Isaac Chotiner in The New Yorker:
In the early nineties, the economist Jeffrey Sachs was known as a “shock therapist,” for advising the Soviet Union on its controversial transition to a free-market economy. Since then, Sachs has shifted his focus to poverty alleviation and international development, becoming one of the most visible academics in the world. His book “The End of Poverty,” from 2005, imagined a globe free of the worst forms of destitution; Sachs also attributed misgovernment in much of Africa to poverty, rather than the other way around. (This thesis was much debated by other economists and development experts who were more skeptical about the impact of foreign aid.) From 2002 to 2016, Sachs was the director of Columbia University’s Earth Institute; he is currently a professor at the university and an adviser to the United Nations. He endorsed Bernie Sanders for President in January and has occasionally advised the senator.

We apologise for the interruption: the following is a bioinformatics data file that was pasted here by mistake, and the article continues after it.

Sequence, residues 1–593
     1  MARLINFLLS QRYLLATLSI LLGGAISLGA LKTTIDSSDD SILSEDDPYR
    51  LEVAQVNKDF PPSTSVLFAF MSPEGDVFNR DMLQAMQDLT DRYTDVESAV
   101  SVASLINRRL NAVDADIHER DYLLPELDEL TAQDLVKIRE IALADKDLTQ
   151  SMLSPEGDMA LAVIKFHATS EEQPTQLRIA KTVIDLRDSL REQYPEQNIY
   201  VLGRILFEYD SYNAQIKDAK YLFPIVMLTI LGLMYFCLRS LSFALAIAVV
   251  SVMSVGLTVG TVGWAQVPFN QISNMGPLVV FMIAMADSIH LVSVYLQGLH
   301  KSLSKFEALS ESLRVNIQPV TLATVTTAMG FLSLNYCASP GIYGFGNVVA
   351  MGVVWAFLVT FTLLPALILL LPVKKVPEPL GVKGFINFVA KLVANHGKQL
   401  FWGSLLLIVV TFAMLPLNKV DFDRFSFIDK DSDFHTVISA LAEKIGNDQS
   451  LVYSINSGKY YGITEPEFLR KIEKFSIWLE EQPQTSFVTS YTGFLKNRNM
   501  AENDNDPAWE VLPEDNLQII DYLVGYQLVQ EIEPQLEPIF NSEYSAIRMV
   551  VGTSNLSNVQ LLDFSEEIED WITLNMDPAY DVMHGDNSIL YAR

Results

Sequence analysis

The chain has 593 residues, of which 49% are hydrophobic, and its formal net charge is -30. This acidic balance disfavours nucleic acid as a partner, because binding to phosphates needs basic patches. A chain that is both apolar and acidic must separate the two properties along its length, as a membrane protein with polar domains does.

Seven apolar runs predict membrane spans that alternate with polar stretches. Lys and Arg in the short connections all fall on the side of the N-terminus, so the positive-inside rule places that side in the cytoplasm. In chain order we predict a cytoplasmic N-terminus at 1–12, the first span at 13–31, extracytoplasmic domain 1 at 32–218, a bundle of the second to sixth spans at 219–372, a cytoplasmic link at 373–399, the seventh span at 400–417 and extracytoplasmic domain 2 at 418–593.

I recently spoke by phone with Sachs about the coronavirus and the challenges that the crisis poses to international coöperation and the world economy. In our conversation, which has been edited for length and clarity, we also discussed the root causes of American decline, why some poorer countries have so far avoided large outbreaks, and how Donald Trump has failed to meet even the low expectations that internationalists have for the United States.